the social network

It’s a very good movie. You should go see it.  I don’t have much more to say about it than that.

What I do want to observe, though, is that the reaction to the movie on Twitter has been fascinating.  A surprising number of people are leaping to Zuckerberg’s defense.  Many are linking to this account of the legal maneuvering dramatized by the film — an account which doesn’t actually exculpate Zuckerberg, but is written as if the author thinks it does.  Even more astounding are posts like this one, which lionize Zuckerberg as a sort of Nietzschean hero.

It’s all a little weird.  People clearly have reservoirs of affection for and identification with the founder of Facebook. Presumably this is because of what his invention means to them.  I suppose that’s fine.

But let me offer my predictable cranky technologist perspective.  Zuckerberg is wildly successful, and I don’t begrudge him that.  Nor do I find myself particularly outraged on behalf of the various people he seems to have betrayed, all of whom are now even more astoundingly wealthy than they started out being.

There’s a strange tendency in this country to declare everyone who’s extremely rich to be some sort of visionary genius, whose unprecedented perspective allowed a break from the chains of history.  This is ridiculous.  Mark Zuckerberg did not invent social networking.  His achievement at Harvard wasn’t even that remarkable: 400 unique visitors to a just-launched website is great, but hardly unprecedented.  Nor are his technological achievements all that impressive: assuming the movie’s depiction to be accurate — and I suspect it basically is, judging by the tasks he was performing — he seems like a strong web developer, but not any kind of wunderkind (Facebook’s ability to operate at its current scale using a hugely rewritten version of PHP is a genuinely impressive achievement, but the entry-level LAMP stuff Zuckerberg himself did is simple enough).

What Facebook did was deploy an extremely effective marketing scheme — one based on exclusivity — at exactly the right  moment.  From there, network effects took over and delivered success.  This is an impressive commercial achievement, but it is not a triumph of vision or technical skill.  Depending on your perspective, you might not even consider it to be particularly admirable.

In the absence of Zuckerberg, someone else would have almost certainly come along and stolen Myspace’s thunder — just as someone or something will surely supplant Facebook before its ludicrous valuation is realized.  Zuckerberg is not one of history’s great men — he’s just one of its richest.

2 Responses to “the social network”

  1. Alex Priest

    Thanks for the link–although I hope my post didn’t *really* come across as lionizing Zuck like “a sort of Nietzchean hero.”

    You’re right, he’s not anything special. He’s probably not particularly talented, smart, and his technical achievement really isn’t anything to get all that excited about. My post wasn’t about that–it was simply how he is one of my generation (I am, after all, only 21) and his philosophy on life seems to mirror mine and some of my peers. He’s not better or smarter than any of the rest of us, he’s just a public figure that’s easy to draw lines to.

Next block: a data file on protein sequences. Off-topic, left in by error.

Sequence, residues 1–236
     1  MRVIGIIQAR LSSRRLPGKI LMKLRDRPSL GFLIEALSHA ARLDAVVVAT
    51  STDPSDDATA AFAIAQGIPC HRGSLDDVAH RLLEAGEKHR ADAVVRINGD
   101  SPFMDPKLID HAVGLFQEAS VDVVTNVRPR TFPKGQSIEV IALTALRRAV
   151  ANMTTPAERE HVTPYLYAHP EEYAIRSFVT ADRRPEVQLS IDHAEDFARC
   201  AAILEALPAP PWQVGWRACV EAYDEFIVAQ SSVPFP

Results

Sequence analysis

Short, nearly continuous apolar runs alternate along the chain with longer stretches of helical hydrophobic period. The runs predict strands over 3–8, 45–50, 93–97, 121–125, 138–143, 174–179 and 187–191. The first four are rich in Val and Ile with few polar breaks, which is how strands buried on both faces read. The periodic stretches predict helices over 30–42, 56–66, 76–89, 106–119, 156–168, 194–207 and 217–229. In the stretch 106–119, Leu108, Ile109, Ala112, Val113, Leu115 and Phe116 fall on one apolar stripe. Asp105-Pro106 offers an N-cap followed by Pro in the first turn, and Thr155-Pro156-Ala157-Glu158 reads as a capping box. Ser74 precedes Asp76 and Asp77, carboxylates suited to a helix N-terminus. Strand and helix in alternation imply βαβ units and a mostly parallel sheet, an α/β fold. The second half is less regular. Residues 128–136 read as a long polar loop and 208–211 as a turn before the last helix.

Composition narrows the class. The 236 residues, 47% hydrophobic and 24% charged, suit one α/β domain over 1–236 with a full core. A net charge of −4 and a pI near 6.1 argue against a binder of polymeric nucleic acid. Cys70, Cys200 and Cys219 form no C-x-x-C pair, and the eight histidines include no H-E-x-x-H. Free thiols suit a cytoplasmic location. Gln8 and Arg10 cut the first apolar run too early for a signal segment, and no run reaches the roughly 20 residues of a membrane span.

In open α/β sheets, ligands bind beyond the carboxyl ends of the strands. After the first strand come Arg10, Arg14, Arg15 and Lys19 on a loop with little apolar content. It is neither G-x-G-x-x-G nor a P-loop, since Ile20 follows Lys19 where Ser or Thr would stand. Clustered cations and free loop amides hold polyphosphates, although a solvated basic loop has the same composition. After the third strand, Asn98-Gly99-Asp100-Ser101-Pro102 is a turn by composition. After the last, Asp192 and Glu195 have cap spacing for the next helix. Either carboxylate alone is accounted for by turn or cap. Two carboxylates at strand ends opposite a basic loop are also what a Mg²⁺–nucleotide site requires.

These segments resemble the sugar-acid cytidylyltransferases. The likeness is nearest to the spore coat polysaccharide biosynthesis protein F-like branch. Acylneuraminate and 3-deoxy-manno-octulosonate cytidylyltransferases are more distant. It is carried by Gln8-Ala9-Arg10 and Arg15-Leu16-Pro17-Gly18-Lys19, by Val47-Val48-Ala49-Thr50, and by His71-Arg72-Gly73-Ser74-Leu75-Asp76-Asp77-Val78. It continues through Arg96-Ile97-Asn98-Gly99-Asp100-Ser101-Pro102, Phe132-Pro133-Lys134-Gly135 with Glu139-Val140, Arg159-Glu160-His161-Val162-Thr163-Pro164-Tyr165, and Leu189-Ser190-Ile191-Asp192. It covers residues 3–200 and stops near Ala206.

I will, however, defend him a little bit, here. He may not be one of “history’s great men” but he’s not “just one its richest” either. Mark Zuckerberg is special because, although nothing he’s done has been *all* that unique or special, he made something of it anyway. He had the audacity–dare I say, the balls–to take what he created and do something with it. And although I’m sure a fair amount of luck figured into it, no one else has replicated what he’s achieved, and it’ll probably be a while before someone else does.

    There’s a reason we don’t see companies like Facebook popping up every day. Because there *is* something unique about these people. It may not be smarts, technical skills, or even ambition–it’s hard to pinpoint, really–but there’s something that put him where he is. And I think that, at the very least, that deserves a little respect.

    Anyway, you’re response certainly earned your blog a spot in my RSS reader! Looking forward to reading more, and thanks again for linking to my post. :-)

  2. Jeff

    Even if his defenders don’t always acknowledge it, Zuckerberg himself said he knew that something like Facebook was inevitable. I can’t remember if it was made clear in the movie, but in this New Yorker profile, he says, “We’d say, ‘Isn’t it obvious that everyone was going to be on the Internet? Isn’t it, like, inevitable that there would be a huge social network of people?’ It was something that we expected to happen. The thing that’s been really surprising about the evolution of Facebook is—I think then and I think now—that if we didn’t do this someone else would have done it.”

    I didn’t see the movie as terribly critical, except in attributing his drive to succeed mostly to interpersonal motives (revenge, envy). All we know for sure is he is “content to make something cool.” Who knows why? He acknowledged that he was in the right place at the right time, and he was happy to capitalize on it, but he’s clearly not resting on his laurels. The guy loves building this website, and he works hard at it.

    And now he’s a billionaire. I don’t know what he’ll do with his billions but for now at least he’s living like “the poorest rich person” his patrician classmate has ever seen.

    http://www.newyorker.com/reporting/2010/09/20/100920fa_fact_vargas?currentPage=all

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